Then, get our software manufacturers to automatically create the tools to do this. At this time MS Word and PowerPoint automatically set row headers as the programs' defaults, but Adobe InDesign fails here:

First, the designer must manually designate the row headers — there isn't an automatic default setting for them like in Word.
And second, there is no way for the designer to manually designate row headers.

That means row headers must be added after the PDF is exported. It's a gruesome task to fix tables, especially given that InDesign is often used to create long data-intensive documents with multi-page tables. Imagine setting row headers by hand for a 50-page table. O M G.

We need to tell Adobe and Microsoft what we need for accessible documents because they don't have a clue.

— — —
Bevi Chagnon | Designer, Accessibility Technician | = EMAIL ADDRESS REMOVED =
— — —
PubCom: Technologists for Accessible Design + Publishing
consulting • training • development • design • sec. 508 services
Upcoming classes at www.PubCom.com/classes
— — —
Latest blog-newsletter – Simple Guide to Writing Alt-Text

From: Steve Green
Date: Fri, Sep 24 2021 3:36AM
Subject: Re: [EXT] does every one else ind tables are problimaticwith your clients
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There should not be an automatic default setting for row headers because it would be inappropriate in many cases. Just a few days ago I had to spend ages changing inappropriate row headers into data cells in a PDF that had been authored in Word.

Of course there must be a way to manually designate row headers. And multiple levels of headers need to be supported too - we see a lot of Excel tables that need them, but there is no way to do it.

Steve Green
Managing Director
Test Partners Ltd


-----Original Message-----
From: WebAIM-Forum < = EMAIL ADDRESS REMOVED = > On Behalf Of = EMAIL ADDRESS REMOVED =
Sent: 24 September 2021 08:02
To: 'WebAIM Discussion List' < = EMAIL ADDRESS REMOVED = >
Subject: Re: [WebAIM] [EXT] does every one else ind tables are problimatic with your clients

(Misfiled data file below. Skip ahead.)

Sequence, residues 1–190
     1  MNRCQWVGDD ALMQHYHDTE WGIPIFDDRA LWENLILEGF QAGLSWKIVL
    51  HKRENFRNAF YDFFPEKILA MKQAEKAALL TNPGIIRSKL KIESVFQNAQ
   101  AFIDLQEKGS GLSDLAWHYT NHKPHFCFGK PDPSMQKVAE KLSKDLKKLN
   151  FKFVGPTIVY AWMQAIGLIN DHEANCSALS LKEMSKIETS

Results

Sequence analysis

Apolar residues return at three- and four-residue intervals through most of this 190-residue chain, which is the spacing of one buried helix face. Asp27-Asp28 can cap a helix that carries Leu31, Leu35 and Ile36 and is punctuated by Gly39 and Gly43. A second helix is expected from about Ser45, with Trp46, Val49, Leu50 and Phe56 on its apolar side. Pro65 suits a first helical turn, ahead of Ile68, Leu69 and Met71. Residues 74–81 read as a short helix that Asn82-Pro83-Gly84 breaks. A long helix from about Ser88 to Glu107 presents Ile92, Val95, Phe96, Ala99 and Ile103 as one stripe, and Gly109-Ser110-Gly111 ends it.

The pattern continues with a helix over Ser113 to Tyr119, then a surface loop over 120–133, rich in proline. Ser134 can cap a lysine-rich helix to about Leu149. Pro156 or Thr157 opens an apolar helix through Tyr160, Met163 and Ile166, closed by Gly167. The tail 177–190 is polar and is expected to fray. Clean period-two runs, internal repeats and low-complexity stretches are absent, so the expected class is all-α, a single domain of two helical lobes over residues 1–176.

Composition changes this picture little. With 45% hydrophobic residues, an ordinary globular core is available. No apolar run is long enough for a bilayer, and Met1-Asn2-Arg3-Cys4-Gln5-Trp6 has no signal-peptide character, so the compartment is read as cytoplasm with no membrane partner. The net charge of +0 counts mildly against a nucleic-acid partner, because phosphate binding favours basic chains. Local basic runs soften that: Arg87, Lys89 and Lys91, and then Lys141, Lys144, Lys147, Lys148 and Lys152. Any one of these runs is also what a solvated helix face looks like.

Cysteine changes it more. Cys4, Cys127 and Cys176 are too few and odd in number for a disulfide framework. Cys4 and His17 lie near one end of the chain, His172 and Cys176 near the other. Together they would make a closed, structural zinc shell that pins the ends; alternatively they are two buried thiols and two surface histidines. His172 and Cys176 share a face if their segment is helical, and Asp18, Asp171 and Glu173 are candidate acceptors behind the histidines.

I know the PDF/UA-1 standard only requires column headers.
That's a shortcoming I'm hoping our ISO committee will be able to bring into the next edition, PDF/UA-2.

As a community, we need to get all of the accessibility standards on board with row headers.

Then, get our software manufacturers to automatically create the tools to do this. At this time MS Word and PowerPoint automatically set row headers as the programs' defaults, but Adobe InDesign fails here:

First, the designer must manually designate the row headers — there isn't an automatic default setting for them like in Word.
And second, there is no way for the designer to manually designate row headers.

That means row headers must be added after the PDF is exported. It's a gruesome task to fix tables, especially given that InDesign is often used to create long data-intensive documents with multi-page tables. Imagine setting row headers by hand for a 50-page table. O M G.

We need to tell Adobe and Microsoft what we need for accessible documents because they don't have a clue.

— — —
Bevi Chagnon | Designer, Accessibility Technician | = EMAIL ADDRESS REMOVED = — — —
PubCom: Technologists for Accessible Design + Publishing consulting • training • development • design • sec. 508 services Upcoming classes at www.PubCom.com/classes — — — Latest blog-newsletter – Simple Guide to Writing Alt-Text

From: Duff Johnson
Date: Fri, Sep 24 2021 4:45AM
Subject: Re: [EXT] does every one else ind tables are problimatic with your clients
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> I know the PDF/UA-1 standard only requires column headers.

Not so. PDF/UA-1, clause 7.5 does not distinguish between column and row headers in terms of requirements.

> That's a shortcoming I'm hoping our ISO committee will be able to bring into the next edition, PDF/UA-2.

As of the current draft PDF/UA-2 does indeed require that header cells - if present - be unambiguous with respect to scope.

> Then, get our software manufacturers to automatically create the tools to do this. At this time MS Word and PowerPoint automatically set row headers as the programs' defaults, but Adobe InDesign fails here:

If they are "automatically" setting headers this is probably a mistake; many tables don't include row headers...

> First, the designer must manually designate the row headers — there isn't an automatic default setting for them like in Word.
> And second, there is no way for the designer to manually designate row headers.

Yes; most authoring tools are woeful in this regard.

> That means row headers must be added after the PDF is exported. It's a gruesome task to fix tables, especially given that InDesign is often used to create long data-intensive documents with multi-page tables. Imagine setting row headers by hand for a 50-page table. O M G.

Agreed!!

Duff.